HYDERABAD: The Bharatiya Janata Party (BJP) says it could be the first political party to crack the All India Majlis-E-Ittehadul Muslimeen (AIMIM) bastion that is the Old City of Hyderabad. “The average person on the street is unhappy with the MIM leadership. We will capitalise on such dynamics that are evolving,” Syed Zafar Islam, BJP’s Rajya Sabha member from Uttar Pradesh and a national spokesperson of his party, told Deccan Chronicle.
Islam, who is in the city for the ongoing BJP national executive meet, visited party representatives and workers from the Bahadurpura and Chandrayangutta constituencies as part of the party’s reach-out drive coinciding with the national executive meeting in the city. It may be recalled that the BJP tasked several of its leaders including MPs, former ministers and others to all the 119 Assembly constituencies in Telangana.
“The MIM leadership,” Islam said, “is currently at its weakest. If you ask the person on the street and not reveal you are a politician or a leader, you will hear people saying they are unhappy with the MIM leadership.”
He said the current mood among the BJP cadres and leaders in the Old City was that if the BJP could win in Rampur and Azamgarh in UP which have substantial Muslim populations, then, it could do the same here, too.
“We acknowledge that other parties have not cracked the MIM bastion in the Old City of Hyderabad, but that is because successive governments have joined hands with them (AIMIM), and did not fight the elections the way they should have been fought,” he said.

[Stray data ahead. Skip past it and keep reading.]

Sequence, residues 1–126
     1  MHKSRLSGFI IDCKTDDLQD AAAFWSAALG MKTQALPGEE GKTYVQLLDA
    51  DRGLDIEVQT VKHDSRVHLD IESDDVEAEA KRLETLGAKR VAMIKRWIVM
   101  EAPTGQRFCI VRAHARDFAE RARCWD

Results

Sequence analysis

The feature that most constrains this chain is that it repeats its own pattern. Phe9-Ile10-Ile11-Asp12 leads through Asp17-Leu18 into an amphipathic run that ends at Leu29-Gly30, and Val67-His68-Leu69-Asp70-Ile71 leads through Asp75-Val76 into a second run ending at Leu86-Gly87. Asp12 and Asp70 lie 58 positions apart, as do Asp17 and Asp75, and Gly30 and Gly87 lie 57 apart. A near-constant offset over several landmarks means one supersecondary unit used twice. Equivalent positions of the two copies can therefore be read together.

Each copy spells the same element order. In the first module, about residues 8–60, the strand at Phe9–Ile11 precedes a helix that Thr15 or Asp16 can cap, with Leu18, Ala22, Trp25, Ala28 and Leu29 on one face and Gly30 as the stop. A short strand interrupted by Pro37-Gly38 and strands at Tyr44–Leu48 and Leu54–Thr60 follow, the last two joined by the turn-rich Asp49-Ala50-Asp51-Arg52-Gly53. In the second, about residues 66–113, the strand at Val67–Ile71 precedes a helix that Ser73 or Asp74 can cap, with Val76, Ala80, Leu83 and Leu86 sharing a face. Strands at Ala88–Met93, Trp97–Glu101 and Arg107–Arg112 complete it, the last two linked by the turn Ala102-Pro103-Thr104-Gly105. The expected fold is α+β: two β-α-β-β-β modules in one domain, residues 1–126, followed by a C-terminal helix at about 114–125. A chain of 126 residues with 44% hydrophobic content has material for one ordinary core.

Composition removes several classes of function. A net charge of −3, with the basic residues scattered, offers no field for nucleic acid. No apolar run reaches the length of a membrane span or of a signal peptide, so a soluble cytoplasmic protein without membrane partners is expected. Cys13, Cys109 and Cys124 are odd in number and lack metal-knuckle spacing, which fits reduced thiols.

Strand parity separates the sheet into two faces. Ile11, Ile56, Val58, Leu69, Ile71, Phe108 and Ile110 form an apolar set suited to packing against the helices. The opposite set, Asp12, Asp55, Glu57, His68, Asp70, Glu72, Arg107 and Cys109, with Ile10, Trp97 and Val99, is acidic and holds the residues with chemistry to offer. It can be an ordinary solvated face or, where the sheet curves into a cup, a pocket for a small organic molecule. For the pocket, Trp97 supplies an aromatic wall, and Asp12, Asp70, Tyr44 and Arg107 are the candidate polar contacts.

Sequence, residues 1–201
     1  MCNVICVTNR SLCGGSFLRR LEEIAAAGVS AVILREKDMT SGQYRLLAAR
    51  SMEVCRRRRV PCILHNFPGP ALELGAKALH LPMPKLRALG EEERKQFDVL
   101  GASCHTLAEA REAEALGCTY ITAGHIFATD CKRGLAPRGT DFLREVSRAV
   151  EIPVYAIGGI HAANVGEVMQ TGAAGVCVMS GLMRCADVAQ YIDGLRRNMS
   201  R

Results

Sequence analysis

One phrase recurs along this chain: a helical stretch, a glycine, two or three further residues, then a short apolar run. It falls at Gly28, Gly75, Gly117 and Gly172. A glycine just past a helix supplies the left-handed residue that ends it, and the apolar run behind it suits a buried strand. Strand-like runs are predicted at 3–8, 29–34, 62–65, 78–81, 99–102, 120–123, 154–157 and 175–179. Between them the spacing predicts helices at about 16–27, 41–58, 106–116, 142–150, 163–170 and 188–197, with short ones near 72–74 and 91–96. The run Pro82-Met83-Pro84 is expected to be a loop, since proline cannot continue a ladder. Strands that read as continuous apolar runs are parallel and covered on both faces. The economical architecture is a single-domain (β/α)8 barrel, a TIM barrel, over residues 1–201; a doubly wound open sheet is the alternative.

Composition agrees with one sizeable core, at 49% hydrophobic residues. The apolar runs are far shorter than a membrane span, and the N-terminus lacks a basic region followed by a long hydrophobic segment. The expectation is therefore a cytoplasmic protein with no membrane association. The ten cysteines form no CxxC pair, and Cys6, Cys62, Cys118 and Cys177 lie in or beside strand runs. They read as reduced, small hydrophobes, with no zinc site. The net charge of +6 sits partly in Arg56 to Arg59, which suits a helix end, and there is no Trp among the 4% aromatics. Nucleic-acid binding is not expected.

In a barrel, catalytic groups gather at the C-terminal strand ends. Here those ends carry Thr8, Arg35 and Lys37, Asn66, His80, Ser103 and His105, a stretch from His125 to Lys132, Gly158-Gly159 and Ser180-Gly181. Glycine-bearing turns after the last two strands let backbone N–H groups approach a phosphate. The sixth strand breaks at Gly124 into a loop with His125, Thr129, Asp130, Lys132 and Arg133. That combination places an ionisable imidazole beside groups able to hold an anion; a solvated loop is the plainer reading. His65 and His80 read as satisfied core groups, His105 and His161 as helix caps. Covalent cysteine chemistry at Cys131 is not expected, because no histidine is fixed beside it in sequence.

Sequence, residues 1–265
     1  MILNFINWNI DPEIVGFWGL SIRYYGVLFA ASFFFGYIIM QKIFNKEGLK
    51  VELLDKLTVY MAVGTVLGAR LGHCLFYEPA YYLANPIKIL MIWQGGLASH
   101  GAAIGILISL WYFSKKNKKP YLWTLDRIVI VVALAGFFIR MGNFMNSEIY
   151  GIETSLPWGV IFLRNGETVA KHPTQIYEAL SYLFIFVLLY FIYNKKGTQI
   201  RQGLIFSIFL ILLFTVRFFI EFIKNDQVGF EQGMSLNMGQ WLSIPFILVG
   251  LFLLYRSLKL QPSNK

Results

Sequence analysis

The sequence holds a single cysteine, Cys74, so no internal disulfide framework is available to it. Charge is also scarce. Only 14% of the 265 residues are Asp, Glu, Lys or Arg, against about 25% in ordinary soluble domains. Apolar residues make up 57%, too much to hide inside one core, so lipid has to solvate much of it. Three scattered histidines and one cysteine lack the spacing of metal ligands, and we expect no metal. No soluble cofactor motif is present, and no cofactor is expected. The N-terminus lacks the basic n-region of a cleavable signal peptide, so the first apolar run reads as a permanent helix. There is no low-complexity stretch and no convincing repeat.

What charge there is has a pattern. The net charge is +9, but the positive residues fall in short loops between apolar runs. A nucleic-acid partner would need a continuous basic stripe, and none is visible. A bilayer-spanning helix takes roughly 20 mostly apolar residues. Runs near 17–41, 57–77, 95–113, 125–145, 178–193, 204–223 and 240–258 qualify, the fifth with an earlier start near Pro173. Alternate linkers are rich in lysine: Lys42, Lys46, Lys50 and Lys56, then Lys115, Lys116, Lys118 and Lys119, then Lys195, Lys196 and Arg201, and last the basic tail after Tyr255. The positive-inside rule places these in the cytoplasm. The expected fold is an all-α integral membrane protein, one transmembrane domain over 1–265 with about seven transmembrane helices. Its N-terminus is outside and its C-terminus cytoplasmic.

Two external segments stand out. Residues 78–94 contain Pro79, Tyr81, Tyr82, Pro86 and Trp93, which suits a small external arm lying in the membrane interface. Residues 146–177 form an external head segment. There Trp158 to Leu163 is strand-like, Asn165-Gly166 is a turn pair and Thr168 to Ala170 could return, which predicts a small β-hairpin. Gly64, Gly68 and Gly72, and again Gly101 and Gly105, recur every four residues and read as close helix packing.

He said while there could be some false positive feedback from the party workers, this is accounted for through other means of checking the public pulse. “People have realised that the BJP has been able to safeguard the interests of minorities. When it comes to delivering on welfare schemes and programmes, we are agnostic, go by eligibility list, irrespective of which community a beneficiary belongs to,” he said. They were witnessing how a 'double engine sarkar' could benefit, as could be seen in the BIMARU states which were now progressing economically, he added.
He also said there was a lot of resentment against the present state government and how it did not keep its promises to the people but had been busy with its family rule, and how the family was actively engaged in corruption, creating wealth for themselves, neglecting the state, and not safeguarding the interests of the common man on the street.”...